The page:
Dealing with Altitude while trekking in Himalayas - Everest, Annapurna, Mustang
Every year, thousands of nature-lovers make their way to Nepal to embark on some of the most beautiful walking tracks the world can offer, and with good reason. The Himalaya offer terrain to be trekked unlike that you’ll find anywhere else in the world, whether you choose the Everest Base Camp Trek , Annapurna base camp trek, Mustang or other popular circuits around the nation. The mountains here are magnificent, the peaks precipitous and the beauty is breathtaking.
The only issue is, unlike most of the world’s natural beauties, the Himalaya will take your breath away all the time. When you’re sleeping, when you’re eating, walking, talking. Heck, one of the most strenuous activities on the mountain is going to the bathroom. It’s because there is another factor at play than purely beauty: altitude.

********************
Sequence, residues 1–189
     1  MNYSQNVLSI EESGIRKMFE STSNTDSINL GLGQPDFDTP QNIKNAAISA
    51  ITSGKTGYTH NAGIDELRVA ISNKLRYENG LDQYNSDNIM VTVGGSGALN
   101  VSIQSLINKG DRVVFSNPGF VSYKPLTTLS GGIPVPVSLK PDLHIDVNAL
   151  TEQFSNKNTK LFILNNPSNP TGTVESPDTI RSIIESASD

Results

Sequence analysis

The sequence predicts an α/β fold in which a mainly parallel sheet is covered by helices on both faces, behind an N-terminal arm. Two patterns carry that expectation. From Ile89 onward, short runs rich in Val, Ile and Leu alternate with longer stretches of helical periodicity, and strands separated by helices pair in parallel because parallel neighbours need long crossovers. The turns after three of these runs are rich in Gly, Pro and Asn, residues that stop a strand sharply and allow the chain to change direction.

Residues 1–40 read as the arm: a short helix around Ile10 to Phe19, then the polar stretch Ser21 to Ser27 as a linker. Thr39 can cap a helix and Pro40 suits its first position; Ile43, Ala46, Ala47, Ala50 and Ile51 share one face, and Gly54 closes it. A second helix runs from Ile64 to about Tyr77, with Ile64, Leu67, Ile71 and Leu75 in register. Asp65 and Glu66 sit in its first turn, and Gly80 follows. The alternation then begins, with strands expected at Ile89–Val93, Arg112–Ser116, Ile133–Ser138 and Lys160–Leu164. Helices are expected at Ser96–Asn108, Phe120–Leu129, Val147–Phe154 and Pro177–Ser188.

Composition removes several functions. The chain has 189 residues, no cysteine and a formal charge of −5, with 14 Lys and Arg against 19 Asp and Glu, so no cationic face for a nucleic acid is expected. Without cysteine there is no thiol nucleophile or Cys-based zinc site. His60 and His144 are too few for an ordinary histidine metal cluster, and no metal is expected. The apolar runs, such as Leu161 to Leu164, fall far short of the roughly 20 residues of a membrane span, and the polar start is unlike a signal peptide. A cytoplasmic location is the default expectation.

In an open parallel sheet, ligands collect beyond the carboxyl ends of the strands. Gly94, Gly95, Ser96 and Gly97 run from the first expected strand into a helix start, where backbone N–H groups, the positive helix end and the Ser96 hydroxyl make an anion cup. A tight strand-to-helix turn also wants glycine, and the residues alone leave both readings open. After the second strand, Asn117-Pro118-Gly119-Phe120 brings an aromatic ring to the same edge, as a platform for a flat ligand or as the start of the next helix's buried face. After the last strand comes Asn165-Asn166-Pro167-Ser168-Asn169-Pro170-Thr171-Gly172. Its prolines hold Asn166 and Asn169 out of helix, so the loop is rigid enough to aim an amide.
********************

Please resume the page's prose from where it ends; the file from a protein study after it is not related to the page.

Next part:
Wherever you are right now, you’re probably somewhere close to sea level. Go outside, and look up. Look up 5,367 meters (17,608ft) up into the air. That’s how high into the sky you’ll be when you step foot on the hallowed rocks of Everest Base Camp. It’s a long way up, and the atmosphere isn’t the same up there. Not even remotely.
When you’re this close to Everest (middle, pink cloud), you can count on it causing some (literal) headaches.
In fact, each breath you take at sea level is worth two at this altitude. This means the air is literally thinner in oxygen content. To your body, at complete rest, you’re doubling your aerobic output compared to sea level. The question is: what does this do to your body, what are the symptoms, how dangerous can it be, and what can you do to reduce its effects on your body?